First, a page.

Tim Ferriss is just funny. In Liuhe xinyi when we lift our arm up to cover the head we do it with an uppercut, finger strike, ear-hair-beard grab, elbow strike and shin kick---all in the same amount of time and effort it takes him just to block.

And just for the record, I have been hit with a heavy hook punch--many times--and I learned that blocking isn't a great strategy. Time lost is brain lost. Being hit with a really good hook is like being hit with a 150 pound bag of rice, you can block it but it's still going to knock you down.

Martial Development said...

I really wanted to attend this recent seminar, but some other things came up at the last minute.

For the record, I did broach this issue with Tim the last time I saw him. He was teaching just this cover against just this hook, actually.

A few times I accidentally counter-punched my partner instead. It was not an accident in the sense that it didn't work--it worked perfectly. It was an accident in the sense that we were drilling something else, and I wasn't trying to be that guy who always inserts his own material into someone else's class...

Anyway, I asked Tim, why aren't we doing this instead? I was hoping he would point out some flaw in my preferred response, that I hadn't noticed before, after doing this for many years. But all he said was, "Yeah, you could do that too."

So long story short, I too have the Cartmell blessing, FWIW. :D

And the idea that I need to "settle the argument" with random dudes on the Internet is just precious.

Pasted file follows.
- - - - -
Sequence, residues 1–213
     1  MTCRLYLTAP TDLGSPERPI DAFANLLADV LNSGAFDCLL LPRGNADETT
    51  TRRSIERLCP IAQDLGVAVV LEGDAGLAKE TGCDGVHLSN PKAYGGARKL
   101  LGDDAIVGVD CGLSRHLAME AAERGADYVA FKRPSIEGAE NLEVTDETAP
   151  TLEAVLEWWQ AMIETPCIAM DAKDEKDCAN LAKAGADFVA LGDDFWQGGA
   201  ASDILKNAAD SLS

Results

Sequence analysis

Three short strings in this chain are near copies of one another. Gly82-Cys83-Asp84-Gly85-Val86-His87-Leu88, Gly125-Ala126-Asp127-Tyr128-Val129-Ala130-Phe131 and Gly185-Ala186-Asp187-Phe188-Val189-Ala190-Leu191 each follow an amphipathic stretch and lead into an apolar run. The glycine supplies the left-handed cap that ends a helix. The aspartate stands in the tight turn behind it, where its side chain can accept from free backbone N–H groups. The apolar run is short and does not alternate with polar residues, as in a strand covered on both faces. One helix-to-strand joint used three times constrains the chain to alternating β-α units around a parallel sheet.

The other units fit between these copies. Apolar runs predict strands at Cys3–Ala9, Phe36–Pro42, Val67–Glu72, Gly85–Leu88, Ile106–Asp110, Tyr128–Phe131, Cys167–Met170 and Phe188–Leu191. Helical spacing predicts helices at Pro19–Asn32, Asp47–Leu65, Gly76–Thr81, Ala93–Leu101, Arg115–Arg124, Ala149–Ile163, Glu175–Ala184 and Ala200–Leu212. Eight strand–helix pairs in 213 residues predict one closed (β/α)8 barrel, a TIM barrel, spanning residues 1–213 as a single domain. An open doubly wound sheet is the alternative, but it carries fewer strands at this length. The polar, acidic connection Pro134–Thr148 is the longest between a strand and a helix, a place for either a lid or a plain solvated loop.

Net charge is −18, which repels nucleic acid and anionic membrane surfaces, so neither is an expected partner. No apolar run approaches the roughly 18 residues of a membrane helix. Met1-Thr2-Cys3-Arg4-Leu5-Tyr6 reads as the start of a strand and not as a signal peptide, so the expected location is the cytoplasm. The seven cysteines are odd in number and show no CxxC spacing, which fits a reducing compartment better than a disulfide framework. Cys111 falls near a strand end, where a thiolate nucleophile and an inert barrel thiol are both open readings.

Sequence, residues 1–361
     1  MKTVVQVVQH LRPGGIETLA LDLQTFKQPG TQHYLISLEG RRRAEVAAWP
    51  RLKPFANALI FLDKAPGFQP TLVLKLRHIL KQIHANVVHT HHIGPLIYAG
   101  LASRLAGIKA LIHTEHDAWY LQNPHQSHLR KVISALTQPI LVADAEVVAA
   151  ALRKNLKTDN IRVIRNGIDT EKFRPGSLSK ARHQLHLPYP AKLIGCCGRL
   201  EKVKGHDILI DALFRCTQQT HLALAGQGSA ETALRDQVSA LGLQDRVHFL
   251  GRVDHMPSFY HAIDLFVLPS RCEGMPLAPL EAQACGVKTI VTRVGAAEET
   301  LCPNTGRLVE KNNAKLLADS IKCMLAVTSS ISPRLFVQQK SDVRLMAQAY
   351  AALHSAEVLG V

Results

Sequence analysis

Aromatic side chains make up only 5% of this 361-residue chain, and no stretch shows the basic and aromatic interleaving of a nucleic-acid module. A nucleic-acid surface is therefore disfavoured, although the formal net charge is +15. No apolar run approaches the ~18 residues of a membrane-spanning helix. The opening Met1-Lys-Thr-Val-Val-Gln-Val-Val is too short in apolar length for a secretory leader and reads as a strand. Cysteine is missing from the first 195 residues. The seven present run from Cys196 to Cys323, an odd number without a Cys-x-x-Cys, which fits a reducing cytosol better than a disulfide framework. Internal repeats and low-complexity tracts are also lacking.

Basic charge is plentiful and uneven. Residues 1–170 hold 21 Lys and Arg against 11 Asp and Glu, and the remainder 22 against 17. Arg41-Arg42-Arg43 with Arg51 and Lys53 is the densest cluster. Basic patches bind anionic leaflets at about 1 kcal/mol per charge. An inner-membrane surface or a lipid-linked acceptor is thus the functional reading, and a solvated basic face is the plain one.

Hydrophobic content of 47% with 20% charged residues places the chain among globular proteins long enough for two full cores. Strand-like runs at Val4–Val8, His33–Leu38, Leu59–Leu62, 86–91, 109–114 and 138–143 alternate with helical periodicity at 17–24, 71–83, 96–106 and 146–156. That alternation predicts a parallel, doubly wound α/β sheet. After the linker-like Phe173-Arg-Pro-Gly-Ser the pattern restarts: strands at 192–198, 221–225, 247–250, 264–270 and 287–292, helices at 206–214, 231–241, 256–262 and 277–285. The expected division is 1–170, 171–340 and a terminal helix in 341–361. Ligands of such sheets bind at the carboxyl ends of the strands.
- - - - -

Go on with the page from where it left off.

daniele.perkele said...

I usually block hooks in sanshou as Ferris shows on his videos... however, the way and the angle he actually does that in his videos, he would be knocked off surely. If you watch closely, the opponent's knuckles are passing through the gap between his wrist and bicep, right to his neck...

Dojo Rat said...

Everybody has good points.
Tim did rely on "flinch responses".
The cover is a natural response.
The extended guard is fine for slightly beyond kicking range. Closer in, hands up in front of your face to deflect or smother punches. Default position is cover your head.
Tim was teaching us to not stand in and trade punches, but how to go to clinch and takedown.
That's his method, he likes to grapple, and it's difficult to argue with his method because he can make it work.
No offense intended Scott, you made a few good points.

Gye Greene said...

The technique/approach in the video was pretty innovative. But it seems a little "all or nothing" to move your entire arm up from your core -- thus exposing your belly, floating ribs, and those juicy nerves under the armpits.

What if the guy feints high, then goes low? You've totally opened yourself up.


--GG

Gye Greene said...

Addendum: If your attacker is any good at trapping, you've played right into his hands: His cross-hand on your elbow, and he's home free.

--GG

Dojo Rat said...

Well G.G., you make good points.

But it may indeed be easier to trap a persons arms when they are in an extended guard. That's how I have trained trapping anyway.

Also, if you have your arms close to your body, moving them from high guard to low guard is much faster due to the length of extension.

Just my opinion, but it seems the questions you present could occur with either guard, and perhaps more so with the extended guard.

Man, I am reversing a lot of previous thinking about this subject...